9. @Lack – I think anyone who spews such an unwarranted, vile insult at someone in a place such as a lounge or airplane deserves to be thrown out. In this circumstance, he should have at least been thrown out of the lounge.

    Would this result in a positive change in his behavior? Probably not….but at least we know he wouldn’t be saying such things to anyone in the lounge. And who knows, he might think twice before doing it again.

  10. @Doug
    Would this result in a positive change to his sexuality? Probably not.. but at least we know he wouldn’t look/act gay in the lounge. And who knows, he might think twice about being gay as well.

    See the slipper slope? You may say fight fire with fire, but I expect a progressive people to not based their rhetoric on Hammurabi code principles. Unless they really like the results of recent elections where the guys who “might think twice before doing it again” showed their numbers.

  11. I think the whole scenario described in your blog post is horrendous. I think the parent is a terrible role model for his kids and for their entry into the real world. I think you were correct to go to the management but they should have advised the family before the incident involving you ever occurred and the parents should have been held accountable and asked to leave. I have experienced almost the exact same scenario with very, very similar response. Such responses are rude and hateful when what is required is an apology and boundary-setting for children. I am tired of “kids will just be kids” approach. I raised a daughter who flew with me for work. She flew 24 times before she was 2 and more thereafter. She had boundaries and learned respect for adults. Today she is a happily adjusted, employed adult. I am so sorry that you experienced such callous disregard and hate speech.

  12. @ Ben: whether our author is gay or not makes no difference when using the term, “faggot,” for anyone. That guy was being a first class bigot, no matter how your “values” stack up.

    Being asked if you are gay is not a problem. Being asked if you had children is not a problem. Being called a “faggot” is a major problem.

    @ our author and friends: I am sorry our author had to experience this. While it’s hard to imagine the Concorde Room staff could have done much even had the jerk been more quickly identified (it likely would have been a he said, he said scenario unable to be proven), I can understand reaching out to them. If nothing else, when attacked, it’s often a good idea to let people know.

    Our author wasn’t weak, either. Shell-shocked is probably more like it.

    In my case, being the strong-willed, aggressive, reactive, and adrenaline-junkie gay man that I am, i likely would have socked the jerk in the face. How do you like them apples?

  13. I would have punched the guy, what a wanker. Can I ask, were they Moslem? They seem to have difficulty controlling their brats and of course when they are not beating women ( it says thy are allowed to in the Quran ) they are vilifying, jailing and beating homosexuals.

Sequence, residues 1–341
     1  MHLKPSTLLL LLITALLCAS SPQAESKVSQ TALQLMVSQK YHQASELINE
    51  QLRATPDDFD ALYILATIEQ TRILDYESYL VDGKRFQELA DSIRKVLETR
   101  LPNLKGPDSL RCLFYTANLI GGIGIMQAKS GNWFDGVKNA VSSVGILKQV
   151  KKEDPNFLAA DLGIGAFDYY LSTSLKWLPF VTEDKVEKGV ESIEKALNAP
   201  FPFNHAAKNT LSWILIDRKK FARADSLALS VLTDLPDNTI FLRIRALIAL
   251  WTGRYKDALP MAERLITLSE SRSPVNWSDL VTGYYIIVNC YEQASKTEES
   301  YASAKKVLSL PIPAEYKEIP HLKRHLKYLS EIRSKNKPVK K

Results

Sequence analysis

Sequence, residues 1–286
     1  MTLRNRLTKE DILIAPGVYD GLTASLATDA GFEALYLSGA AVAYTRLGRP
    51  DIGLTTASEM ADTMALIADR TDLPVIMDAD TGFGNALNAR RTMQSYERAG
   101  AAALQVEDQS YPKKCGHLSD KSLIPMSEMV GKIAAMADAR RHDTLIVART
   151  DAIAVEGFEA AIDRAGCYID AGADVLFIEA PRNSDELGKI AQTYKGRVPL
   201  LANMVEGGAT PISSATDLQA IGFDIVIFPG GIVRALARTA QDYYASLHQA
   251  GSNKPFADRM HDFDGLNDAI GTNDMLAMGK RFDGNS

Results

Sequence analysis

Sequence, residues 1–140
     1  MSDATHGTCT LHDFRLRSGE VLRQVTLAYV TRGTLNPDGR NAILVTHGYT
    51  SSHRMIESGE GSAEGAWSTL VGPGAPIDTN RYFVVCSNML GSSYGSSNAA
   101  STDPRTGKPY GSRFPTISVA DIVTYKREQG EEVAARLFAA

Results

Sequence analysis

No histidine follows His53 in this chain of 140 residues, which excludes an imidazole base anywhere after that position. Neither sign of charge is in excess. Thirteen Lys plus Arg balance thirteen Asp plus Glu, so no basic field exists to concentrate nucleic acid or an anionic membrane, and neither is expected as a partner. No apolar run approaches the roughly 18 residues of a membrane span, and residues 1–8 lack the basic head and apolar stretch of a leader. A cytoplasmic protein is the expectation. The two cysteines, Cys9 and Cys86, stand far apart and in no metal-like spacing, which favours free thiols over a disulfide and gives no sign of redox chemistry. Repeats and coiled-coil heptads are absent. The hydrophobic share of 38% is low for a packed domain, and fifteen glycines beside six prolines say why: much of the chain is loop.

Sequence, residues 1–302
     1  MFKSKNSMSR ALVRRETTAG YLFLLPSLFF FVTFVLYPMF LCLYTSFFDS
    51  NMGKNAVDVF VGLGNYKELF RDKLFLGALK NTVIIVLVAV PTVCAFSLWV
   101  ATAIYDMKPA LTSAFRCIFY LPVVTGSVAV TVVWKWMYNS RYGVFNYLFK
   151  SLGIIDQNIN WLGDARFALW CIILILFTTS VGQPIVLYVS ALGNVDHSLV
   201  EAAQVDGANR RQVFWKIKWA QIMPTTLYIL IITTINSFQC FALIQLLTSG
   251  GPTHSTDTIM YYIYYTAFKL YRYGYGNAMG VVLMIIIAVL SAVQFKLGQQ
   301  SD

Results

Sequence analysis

14. What a jerk this guy is. My husband and I have chosen not to have children and find it disrespectful when parents let their “princes and princesses’ (I use that term with sarcasm) run wild in places such as this. The Concorde room is not a wacky warehouse and we personally think under-16s should not be allowed in there. I know that’s tough but unfortunately for every parent who controls their child there are 2 that don’t give a s***.
    Any name calling is unforgivable in our eyes and I do not blame you for reporting it. It is such a sad society we live in that people feel the need to do this. Gay or not should not be coming into this.
    We honestly despair what society will be like in another 20 years when parents can’t control children today. We hope to have done all our travelling by then, be retired and living as far away from society as possible in some quiet corner of the globe.
    Keep posting @milesfromblighty and keep travelling – we would have been shell shocked the same.

  15. You were definitely correct to inform the management. The only thing I don’t get is not remembering exactly who the tosser was! Anyway you did the right thing.

    It never ceases to shock me the level of aggression you see in airports. At the very least this bloke deserved to be shown up by a reprimand in front of his kids – and when they ask Daddy what was going on he can explain the consequences of his behaviour to them which might mean they start to develop some behaviour boundaries which they clear are not having instilled into them now – which is a form of neglect. And my response to his question as to whether I had any kids in the first place would have been, “None of you ****ing business.” And I’d have been flamboyant about it ;).

  16. Good on you for talking about this here. I’m not a Star Trek fan of any magnitude, but I reckon Gene Roddenberry got it right that in the future, people will treat each other with respect and equality. That individual is stuck way back in the dark ages

  17. You were not weak. It’s not your job to somehow graciously deal with bigotry and awfulness. It’s the job of the bigot to grow up.

    It’s also part of the lounge’s job to make sure guests do not feel abused. If guests feel abused, it’s the lounge’s job to remove the offenders. They should’ve booted out the bigot and his family.

  18. This is upsetting to read, as a gay father and frequent traveler. Travel is stressful, especially with children, and often brings out the worst in people, but name calling is unacceptable. If you encounter such uncivilized behavior again from a parent, tell them that you don’t think they are setting a good example for their children, and that should touch a nerve.

  19. Oh! This would have been fun for me. I absolutely love to turn things around on aggressive people. I give em a big smile, say something to the effect of “this will be fun thanks for the kicks”, and gleefully stride right up to whomever will boot the person. Or call the cops right in front of them and describe their appearance and behavior accurately while looking directly at them with an open grin. Bullies expect you to be taken aback. I lean in.